Major: Academic discipline in which you earn a degree; includes a set of required courses

MakerLab: SU Libraries' maker space, where you can collaborate on and explore different technologies such as 3D printing

Minor: Academic discipline that can add to your degree; they are typically much less than a major and require at least 18 credits

MyClasses: Salisbury University's course management system, where you can access information about and for your classes


Office hours: Times that your professor is available to meet with you for any questions or concerns you have

Open access: Content made freely and universally available via the Internet; it increases access to scholarly materials and allows the authors to maintain their copyright 


Peer review: A process in which a new book, article, or other resource is submitted to a publisher and subsequently reviewed by other experts in the field; it is usually an anonymous process and can take at least a few months

Peer-reviewed article (also referred to as scholarly): An article that has gone through the peer reviewing publishing process and has been deemed scholarly by the author's peers

Periodical: Typically a magazine or newspaper that is published on a regular basis (monthly, quarterly, annually)

Permalink: A web address that will consistently point to a specific information source such as an ebook, an article, a record in the catalog, a video, or a database

Prerequisites: Standard requirement that must be completed before registering for another course

Primary sources: Document or record that contains firsthand information or original data on a topic
Examples: articles reporting original research or thought, memoirs, letters, journals, photographs, drawings, posters, film footage, interviews, government documents, public records, eyewitness accounts, newspaper clippings, etc. 


Research Help Desk: Located on the first floor, at the service desk; where you can get help for any sort of research question
Question examples: How do I find a scholarly article? How do I find a book on a certain topic?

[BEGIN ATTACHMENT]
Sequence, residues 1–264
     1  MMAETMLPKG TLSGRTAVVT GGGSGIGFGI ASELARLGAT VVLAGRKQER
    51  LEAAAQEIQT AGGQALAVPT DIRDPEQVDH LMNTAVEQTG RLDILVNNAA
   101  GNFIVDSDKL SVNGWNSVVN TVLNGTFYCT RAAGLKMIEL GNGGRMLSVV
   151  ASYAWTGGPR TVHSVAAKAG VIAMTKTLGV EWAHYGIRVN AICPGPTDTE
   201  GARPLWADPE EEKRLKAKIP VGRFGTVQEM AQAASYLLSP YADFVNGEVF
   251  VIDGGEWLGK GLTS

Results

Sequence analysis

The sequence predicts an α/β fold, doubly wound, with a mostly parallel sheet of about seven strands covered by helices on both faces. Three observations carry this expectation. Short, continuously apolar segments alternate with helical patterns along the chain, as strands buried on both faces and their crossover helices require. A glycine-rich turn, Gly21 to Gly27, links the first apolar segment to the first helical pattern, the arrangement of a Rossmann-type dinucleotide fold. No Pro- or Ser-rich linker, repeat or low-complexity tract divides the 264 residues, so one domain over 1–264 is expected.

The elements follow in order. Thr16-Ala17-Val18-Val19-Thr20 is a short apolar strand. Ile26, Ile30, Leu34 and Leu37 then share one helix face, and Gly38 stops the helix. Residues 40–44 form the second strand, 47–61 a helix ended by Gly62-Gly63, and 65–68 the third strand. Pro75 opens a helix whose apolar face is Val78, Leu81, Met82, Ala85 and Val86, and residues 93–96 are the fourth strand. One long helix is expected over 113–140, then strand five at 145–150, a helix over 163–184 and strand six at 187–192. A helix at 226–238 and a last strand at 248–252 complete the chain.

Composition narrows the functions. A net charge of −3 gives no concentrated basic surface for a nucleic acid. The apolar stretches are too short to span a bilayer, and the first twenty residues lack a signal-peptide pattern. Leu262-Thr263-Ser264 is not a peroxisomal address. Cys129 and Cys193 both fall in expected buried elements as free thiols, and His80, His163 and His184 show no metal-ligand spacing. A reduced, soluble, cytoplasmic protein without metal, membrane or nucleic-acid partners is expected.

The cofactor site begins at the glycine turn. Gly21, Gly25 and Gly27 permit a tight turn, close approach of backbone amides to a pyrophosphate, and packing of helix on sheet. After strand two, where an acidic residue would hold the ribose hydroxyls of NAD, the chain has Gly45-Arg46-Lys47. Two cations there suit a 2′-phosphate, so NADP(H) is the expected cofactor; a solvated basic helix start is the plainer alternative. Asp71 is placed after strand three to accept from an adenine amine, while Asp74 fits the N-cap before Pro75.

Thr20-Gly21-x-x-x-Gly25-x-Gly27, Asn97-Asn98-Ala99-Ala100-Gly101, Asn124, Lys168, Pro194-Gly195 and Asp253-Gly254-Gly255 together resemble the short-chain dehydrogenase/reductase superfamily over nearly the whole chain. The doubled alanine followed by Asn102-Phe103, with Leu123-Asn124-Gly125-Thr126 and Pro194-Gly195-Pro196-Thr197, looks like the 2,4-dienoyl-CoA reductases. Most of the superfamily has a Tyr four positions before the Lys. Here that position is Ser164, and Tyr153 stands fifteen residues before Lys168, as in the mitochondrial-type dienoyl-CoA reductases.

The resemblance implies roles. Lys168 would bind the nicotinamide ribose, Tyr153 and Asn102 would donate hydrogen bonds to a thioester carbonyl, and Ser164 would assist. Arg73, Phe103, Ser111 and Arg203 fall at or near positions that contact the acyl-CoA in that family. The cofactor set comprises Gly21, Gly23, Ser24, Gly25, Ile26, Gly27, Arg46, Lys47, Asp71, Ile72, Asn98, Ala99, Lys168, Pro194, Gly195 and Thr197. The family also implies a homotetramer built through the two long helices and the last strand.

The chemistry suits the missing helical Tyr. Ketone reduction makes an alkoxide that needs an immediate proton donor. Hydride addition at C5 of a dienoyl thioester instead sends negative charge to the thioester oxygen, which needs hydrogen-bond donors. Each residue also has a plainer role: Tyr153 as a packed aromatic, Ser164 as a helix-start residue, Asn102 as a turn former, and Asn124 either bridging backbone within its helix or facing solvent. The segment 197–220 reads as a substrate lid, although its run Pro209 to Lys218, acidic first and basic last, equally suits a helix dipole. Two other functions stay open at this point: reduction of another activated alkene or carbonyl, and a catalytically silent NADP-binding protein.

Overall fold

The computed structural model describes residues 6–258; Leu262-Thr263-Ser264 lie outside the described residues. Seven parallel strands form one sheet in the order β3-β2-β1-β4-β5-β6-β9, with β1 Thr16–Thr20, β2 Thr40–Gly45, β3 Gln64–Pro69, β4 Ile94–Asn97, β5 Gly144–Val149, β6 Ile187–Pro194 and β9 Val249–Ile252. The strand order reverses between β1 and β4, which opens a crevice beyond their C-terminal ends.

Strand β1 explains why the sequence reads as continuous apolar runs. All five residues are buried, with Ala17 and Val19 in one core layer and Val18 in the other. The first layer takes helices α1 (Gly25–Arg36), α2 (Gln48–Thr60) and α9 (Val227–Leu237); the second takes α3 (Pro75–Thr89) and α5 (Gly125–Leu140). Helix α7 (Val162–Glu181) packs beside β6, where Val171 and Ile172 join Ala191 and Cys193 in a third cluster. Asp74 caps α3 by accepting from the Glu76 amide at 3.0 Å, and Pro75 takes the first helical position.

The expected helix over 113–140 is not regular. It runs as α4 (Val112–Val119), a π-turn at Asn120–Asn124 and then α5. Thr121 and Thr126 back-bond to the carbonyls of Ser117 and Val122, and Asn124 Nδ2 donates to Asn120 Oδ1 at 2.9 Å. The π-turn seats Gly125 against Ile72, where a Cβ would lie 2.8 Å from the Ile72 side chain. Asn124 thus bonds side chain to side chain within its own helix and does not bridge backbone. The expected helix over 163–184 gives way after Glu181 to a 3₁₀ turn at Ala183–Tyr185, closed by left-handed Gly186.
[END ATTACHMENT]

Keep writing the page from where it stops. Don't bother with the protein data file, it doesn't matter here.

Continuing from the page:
Research paper: A common assignment for college-level classes where you must write about a topic; often, you must find multiple sources to cite within the paper and back up your points; it can vary from class to class


Secondary sources: Journal articles, books, commentary, etc. that explain or analyze primary sources. 
Example: A biography on the portrayal of someone's life

Self check-out (Meescan): SU Libraries' self-help kiosks to check out books; you need your GullCard and the Meescan app
Video Tutorial on using Meescan

Stacks: Rows of book shelves where SU materials are stored; most of them are on the third floor

Style manual: A guide with a set of rules (punctuation, quotations, capitalization, etc.) for composition, which includes format and manner of citing sources
Examples: APA Style Manual, MLA handbook, The Chicago Manual of Style

Subject heading: Controlled vocabulary that is used to take guesswork out of searching by using a single term to describe a subject
Example: By searching the term "heart attack", it can map to the more medical term "myocardial infarction" 


Transcript: Official record of a student's academic performance; maintained by the Office of the Registrar


URL: Uniform Resource Locator for the unique location/address of a resource on the World Wide Web

credit to Bristol Community College for the library lingo idea and definitions